The Indiana State Department of Agriculture has released a statewide strategy aimed at improving water quality in Indiana, the Great Lakes and the Gulf of Mexico. The State Nutrient Reduction Strategy has been developed over several years following a call to action by the Environmental Protection Agency.
The EPA called on each of the 12 major states in the Mississippi River Drainage Basin, including Indiana, to reduce the amount of phosphorus and nitrogen carried to the Gulf of Mexico. Excess amounts of those nutrients can stimulate excessive algae growth, which can lead to low oxygen levels in the water once the algae decompose.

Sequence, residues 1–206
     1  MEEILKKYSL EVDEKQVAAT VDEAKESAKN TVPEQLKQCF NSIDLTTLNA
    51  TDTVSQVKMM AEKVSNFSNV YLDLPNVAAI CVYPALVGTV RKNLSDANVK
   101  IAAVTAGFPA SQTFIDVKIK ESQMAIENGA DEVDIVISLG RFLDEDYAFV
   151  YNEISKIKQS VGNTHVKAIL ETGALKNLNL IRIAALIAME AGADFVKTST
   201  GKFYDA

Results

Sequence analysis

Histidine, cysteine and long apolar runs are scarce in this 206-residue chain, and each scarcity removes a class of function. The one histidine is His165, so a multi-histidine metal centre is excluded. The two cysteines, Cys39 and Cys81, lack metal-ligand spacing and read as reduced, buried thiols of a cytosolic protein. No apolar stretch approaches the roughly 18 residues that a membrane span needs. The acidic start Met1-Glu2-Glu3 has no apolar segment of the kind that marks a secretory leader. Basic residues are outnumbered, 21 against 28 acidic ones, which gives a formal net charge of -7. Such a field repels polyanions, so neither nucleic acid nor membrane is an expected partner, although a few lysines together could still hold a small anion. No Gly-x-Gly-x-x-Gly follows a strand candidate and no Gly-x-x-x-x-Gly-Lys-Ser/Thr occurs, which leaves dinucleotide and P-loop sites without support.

The SNRS was developed by the Indiana Conservation Partnership with guidance from the ISDA and the Indiana Department of Environmental Management and assistance from agricultural commodity groups, Indiana Farm Bureau and Purdue University. Julie Harrold, ISDA program manager for water quality initiatives, says the strategy has been approved by the EPA.
"This completed strategy is the culmination of a great deal of hard work," said Ted McKinney, director of ISDA. "Importantly, the work was always collaborative and includes input from local, state and federal agencies, plus the private sector and non-government organizations. I’m thrilled with its completion."
The SNRS will also address the Western Lake Erie Basin and the Lake Michigan Basin as some of Indiana’s watersheds drain into them as well. It will also raise awareness about the location and nature of conservation practices on productive agricultural ground, according to the ISDA.
Click here to view the Indiana SNRS.